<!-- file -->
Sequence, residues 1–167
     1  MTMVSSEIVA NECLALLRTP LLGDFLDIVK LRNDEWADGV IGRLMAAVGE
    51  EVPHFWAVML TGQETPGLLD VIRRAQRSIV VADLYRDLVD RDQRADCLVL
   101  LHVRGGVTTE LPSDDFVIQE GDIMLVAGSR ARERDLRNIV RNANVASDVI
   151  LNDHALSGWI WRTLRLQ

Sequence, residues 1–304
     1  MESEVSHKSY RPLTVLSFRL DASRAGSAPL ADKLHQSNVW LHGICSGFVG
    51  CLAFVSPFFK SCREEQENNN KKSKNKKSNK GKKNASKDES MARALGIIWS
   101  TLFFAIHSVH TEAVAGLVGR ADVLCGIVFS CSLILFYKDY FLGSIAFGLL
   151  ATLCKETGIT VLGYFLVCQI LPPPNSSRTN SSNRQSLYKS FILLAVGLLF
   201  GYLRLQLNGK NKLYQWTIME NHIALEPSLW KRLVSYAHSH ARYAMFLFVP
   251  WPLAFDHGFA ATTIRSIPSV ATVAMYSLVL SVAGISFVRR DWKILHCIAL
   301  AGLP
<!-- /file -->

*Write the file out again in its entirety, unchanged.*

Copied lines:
Sequence, residues 1–167
     1  MTMVSSEIVA NECLALLRTP LLGDFLDIVK LRNDEWADGV IGRLMAAVGE
    51  EVPHFWAVML TGQETPGLLD VIRRAQRSIV VADLYRDLVD RDQRADCLVL
   101  LHVRGGVTTE LPSDDFVIQE GDIMLVAGSR ARERDLRNIV RNANVASDVI
   151  LNDHALSGWI WRTLRLQ

Sequence, residues 1–304
     1  MESEVSHKSY RPLTVLSFRL DASRAGSAPL ADKLHQSNVW LHGICSGFVG
    51  CLAFVSPFFK SCREEQENNN KKSKNKKSNK GKKNASKDES MARALGIIWS
   101  TLFFAIHSVH TEAVAGLVGR ADVLCGIVFS CSLILFYKDY FLGSIAFGLL
   151  ATLCKETGIT VLGYFLVCQI LPPPNSSRTN SSNRQSLYKS FILLAVGLLF
   201  GYLRLQLNGK NKLYQWTIME NHIALEPSLW KRLVSYAHSH ARYAMFLFVP
   251  WPLAFDHGFA ATTIRSIPSV ATVAMYSLVL SVAGISFVRR DWKILHCIAL
   301  AGLP